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Pulitzer Prize-winning writer speaks on the ethics and aesthetics of cultural criticism: Margo Jefferson acclaimed writer, cultural critic, at UO may 10th

May 10 @ 7:30 pm - 9:00 pm

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“How do we bring all the traditions that have shaped us—intellectual, social, and cultural—to complex questions of identity and community? How do we find language that gives them specificity and subtlety; that honors contradiction?” These are some of the questions Pulitzer Prize-winning writer, cultural critic, journalist, and professor Margo Jefferson, will address when she speaks on “The Ethics and Aesthetics of Cultural Criticism” on Wednesday, May 10 at 7:30 p.m. in 182 Lillis Hall on the UO campus.  
Jefferson goes on to say, “We speak, for example, of class, race, gender, and intersectionality; how do we live them and question their boundaries? How do we teach ourselves to go beyond the limits of our own experience? What intellectual, emotional, and imaginative tools do we need?”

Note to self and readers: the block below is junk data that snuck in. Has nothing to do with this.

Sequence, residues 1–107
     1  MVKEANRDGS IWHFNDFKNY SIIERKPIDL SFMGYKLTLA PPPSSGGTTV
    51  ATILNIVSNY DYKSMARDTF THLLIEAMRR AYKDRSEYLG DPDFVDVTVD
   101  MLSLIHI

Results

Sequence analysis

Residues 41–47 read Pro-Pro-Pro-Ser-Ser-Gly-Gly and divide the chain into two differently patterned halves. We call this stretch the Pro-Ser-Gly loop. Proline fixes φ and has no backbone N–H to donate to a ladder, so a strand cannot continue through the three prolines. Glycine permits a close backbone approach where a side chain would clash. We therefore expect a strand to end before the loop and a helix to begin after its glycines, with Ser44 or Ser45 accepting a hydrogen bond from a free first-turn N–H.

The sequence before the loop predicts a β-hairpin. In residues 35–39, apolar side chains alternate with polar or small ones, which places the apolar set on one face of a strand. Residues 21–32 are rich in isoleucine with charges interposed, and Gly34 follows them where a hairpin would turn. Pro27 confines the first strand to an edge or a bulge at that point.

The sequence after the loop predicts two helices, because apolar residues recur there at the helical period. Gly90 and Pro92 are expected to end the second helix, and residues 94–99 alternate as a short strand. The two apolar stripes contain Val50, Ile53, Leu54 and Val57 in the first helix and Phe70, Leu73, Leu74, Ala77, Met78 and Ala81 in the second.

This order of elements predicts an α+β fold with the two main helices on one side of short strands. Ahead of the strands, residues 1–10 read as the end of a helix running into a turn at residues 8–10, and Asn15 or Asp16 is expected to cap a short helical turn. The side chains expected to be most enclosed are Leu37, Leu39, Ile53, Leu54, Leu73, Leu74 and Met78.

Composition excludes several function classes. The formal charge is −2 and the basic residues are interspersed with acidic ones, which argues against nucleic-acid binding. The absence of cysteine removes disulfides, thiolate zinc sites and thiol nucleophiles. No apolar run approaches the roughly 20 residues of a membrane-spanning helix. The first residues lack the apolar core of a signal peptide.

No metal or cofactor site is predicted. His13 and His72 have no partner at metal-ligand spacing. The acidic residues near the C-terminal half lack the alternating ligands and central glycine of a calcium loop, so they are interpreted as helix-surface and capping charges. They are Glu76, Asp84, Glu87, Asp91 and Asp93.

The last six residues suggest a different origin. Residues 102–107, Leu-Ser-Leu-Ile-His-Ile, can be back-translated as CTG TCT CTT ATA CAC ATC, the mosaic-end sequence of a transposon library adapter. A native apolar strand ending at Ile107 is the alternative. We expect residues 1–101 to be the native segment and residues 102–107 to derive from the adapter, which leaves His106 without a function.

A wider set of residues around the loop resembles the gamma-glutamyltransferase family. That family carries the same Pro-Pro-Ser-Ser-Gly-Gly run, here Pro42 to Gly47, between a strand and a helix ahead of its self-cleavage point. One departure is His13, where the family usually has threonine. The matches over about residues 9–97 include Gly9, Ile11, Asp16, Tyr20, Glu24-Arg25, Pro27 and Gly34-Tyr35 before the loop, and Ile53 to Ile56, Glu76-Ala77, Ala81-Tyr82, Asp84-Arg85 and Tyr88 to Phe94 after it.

The daughter of a prominent physician and social worker-turned-socialite mother, Jefferson grew up in an upper-middle class black neighborhood of Chicago in the 1950s and ‘60s. She writes about her experiences growing up in post-war America as a member of a privileged African American family in her memoir, Negroland, which won the 2015 National Book Critics Circle Award for Autobiography, The International Bridge Prize, and The Heartland Prize. Negroland describes a world of exclusive sororities, fraternities, networks, and clubs—a world in which skin color and hair texture were relentlessly evaluated alongside scholarly and professional achievements, where the Talented Tenth positioned themselves as a third race between whites and “the masses of Negros,” and where the motto was “Achievement. Invulnerability. Comportment.” At once incendiary and icy, mischievous and provocative, celebratory and elegiac, Negroland is a landmark work on privilege, discrimination, and the fallacy of post-racial America.
Jefferson currently teaches writing at Columbia University School of the Arts. Her previous book was On Michael Jackson. She has been a staff writer for The New York Times and Newsweek, and has published in New York Magazine, The Nation, and The Washington Post.
The lecture is sponsored by the UO’s Oregon Humanities Center and is free and open to the public. For disability accommodations (which must be made by May 3) or for information, call (541) 346-3934, or visit ohc.uoregon.edu


May 10
7:30 pm - 9:00 pm
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University of Oregon
182 Lillis Hall
Eugene, OR United States
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